The meeting was afterwards addressed at considerable length 1 ty Mr. Owen, Mr. Redmetme, of Bond Street, Mr. Johnson, of Watling Street, Mr. Moore, of the firm of Muore and Co., and Mr. Lewis, Regent Street. The resolution for the formation of the Society was adopted unanimously.
ST. SAVIOUICS CIILTItCH.-A Vestry meeting was held on Thurs- day, to determine on the question, whether the building called " Our Lady's Chapel" should not be wholly or partly taken down, for the purpose of opening a roadway to the church from London Bridge.
Mr. Weston, the banker, advocated the propriety of dilapidation- The parishioners should not allow any nonsense of national pride to deter them from merging all other objects in their own advantage. The parishioners who pay rates should not be deluded by antique fame, or by the magnificence of
• masonry. They should look to the present times, and to themselves. The dilapidation of that old appendage, however beautiful., gorgeous, and noble, would still be a pecuniary saving to the householders. Front a calculation, he came to the conclusion that the householders would gain by its demolition. To be sure, the book-reading levers of antiquity would cry " Horrible! " With such men he had nothing to du-with such men he possessed no sympathy of feeling.
Mr. Weston's motion for pulling down the chapel was seconded by a hop-merchant, named Wood.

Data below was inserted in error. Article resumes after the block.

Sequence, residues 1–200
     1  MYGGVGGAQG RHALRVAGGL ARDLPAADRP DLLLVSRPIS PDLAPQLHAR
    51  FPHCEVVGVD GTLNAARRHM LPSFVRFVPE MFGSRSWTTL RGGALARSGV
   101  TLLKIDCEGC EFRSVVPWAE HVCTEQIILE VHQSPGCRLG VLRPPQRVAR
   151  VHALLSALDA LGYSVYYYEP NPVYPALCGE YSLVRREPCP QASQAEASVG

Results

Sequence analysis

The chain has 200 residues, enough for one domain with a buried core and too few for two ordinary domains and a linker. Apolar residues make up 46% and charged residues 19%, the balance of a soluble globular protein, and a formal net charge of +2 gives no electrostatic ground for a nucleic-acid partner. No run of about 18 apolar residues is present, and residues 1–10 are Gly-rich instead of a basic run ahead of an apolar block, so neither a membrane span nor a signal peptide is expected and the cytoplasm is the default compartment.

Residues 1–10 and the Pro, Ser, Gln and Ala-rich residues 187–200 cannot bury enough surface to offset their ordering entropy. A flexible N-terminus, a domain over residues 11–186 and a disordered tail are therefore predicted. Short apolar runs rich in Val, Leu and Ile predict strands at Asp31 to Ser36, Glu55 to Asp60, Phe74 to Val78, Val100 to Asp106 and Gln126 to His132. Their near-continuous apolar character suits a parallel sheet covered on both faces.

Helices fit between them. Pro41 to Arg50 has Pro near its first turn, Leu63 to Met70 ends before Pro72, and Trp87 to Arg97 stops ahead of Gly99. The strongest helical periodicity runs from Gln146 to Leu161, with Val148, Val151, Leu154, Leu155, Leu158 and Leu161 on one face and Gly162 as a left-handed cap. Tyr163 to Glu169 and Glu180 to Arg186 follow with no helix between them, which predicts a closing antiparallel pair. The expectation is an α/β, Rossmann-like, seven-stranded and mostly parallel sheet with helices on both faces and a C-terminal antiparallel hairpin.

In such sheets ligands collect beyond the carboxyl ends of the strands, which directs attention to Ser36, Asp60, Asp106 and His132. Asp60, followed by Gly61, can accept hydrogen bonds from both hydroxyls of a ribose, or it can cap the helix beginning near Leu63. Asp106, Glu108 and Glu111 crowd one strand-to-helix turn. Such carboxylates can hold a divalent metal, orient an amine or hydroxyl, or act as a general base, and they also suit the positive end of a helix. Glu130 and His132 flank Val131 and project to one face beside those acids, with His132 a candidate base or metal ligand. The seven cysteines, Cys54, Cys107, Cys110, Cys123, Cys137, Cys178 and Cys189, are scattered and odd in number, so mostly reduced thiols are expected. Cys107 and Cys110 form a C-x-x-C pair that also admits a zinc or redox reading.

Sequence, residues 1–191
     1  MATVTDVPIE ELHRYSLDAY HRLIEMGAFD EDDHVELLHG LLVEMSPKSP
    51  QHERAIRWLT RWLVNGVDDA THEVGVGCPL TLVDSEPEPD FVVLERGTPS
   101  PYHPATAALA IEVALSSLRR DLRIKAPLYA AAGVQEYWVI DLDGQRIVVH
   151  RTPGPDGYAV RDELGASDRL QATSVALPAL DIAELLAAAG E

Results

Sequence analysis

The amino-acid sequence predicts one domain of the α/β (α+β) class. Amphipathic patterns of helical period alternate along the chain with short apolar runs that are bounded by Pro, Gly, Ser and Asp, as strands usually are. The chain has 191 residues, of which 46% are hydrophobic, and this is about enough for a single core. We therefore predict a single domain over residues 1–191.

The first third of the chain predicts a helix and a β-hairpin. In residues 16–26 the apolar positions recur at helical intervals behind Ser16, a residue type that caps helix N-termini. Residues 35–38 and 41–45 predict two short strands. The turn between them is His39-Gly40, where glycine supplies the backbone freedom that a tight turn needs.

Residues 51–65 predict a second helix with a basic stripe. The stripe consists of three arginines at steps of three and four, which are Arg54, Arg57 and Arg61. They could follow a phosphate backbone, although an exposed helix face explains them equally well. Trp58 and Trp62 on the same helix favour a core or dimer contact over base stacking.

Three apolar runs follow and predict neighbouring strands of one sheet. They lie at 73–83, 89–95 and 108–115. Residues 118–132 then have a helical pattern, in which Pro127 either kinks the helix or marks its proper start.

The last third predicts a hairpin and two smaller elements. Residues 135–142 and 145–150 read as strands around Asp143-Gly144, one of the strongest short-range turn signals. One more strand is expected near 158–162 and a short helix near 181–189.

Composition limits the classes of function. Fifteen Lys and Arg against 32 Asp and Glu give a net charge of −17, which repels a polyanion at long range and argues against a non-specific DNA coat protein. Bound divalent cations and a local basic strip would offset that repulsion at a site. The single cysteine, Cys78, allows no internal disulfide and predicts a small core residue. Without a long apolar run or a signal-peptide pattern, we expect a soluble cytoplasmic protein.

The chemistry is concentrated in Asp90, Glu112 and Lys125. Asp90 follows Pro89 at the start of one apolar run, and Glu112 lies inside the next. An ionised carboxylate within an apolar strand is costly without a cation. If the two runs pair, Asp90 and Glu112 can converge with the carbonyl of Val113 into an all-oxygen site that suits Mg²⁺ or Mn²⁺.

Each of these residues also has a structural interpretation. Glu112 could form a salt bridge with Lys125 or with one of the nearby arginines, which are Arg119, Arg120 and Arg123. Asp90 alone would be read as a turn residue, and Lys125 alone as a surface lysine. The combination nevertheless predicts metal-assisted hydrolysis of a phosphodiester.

MT. Saunders, the solicitor, spoke strongly against the dilapidation--
The simple proposition was, should the venerable old chapel attached to the church, the pride and ornament of the city of Londoo, not of the parish alone, be pulled down to gratify the cupidity of a few ; or should it he upheld (for it was still durable and strong) to reflect a glory on the parish, as a monu- ment to which every citizen of the empire would point the notice of a stranger with triumph and delight. This was not a cold question of pounds, shillings, and pence, but was an inspiring question of national glory, and of English dis- interestedness. It was not a question, whether the parish may save a miserable pittance by its dilapidation (and all the laboured arguments and calculations of the counting-house had as yet failed to convince him, as he was sure they had failed to convince every other reflecting man), or whether the rich and vaunt-
ing citizens of one of the most independent parishes in the wealthiest city in the world-the capital of the universe-would sacrifice a little (though he con- tended there would be no sacrifice)? The question was, would they retain, in its antique grandeur, or would they destroy a venerable pile, of which the learned and curious stranger would say, " Well, these islanders are nut ouiy, have been, a mighty people; learned in the arts, as they are great and proud in anus: this style of architecture is their own, not borrowed from arotiortt mo- dels; it is noble in its conception, and lasting in its execution." He would not envy the feelings of the worthy Magistrate who proposed the destruction of this splendid relic of the architectural skill of our fathers. His respect for the feelings, and perhaps prejudices of the parishioners (for predilections are the inseparable accompaniments of our frail nature, let money calculators say what they please)-his respect for the great and virtuous dead, whose ashes are en- tombed beside us, would deter him from laying irreverent hands on the temple where they are enshrined.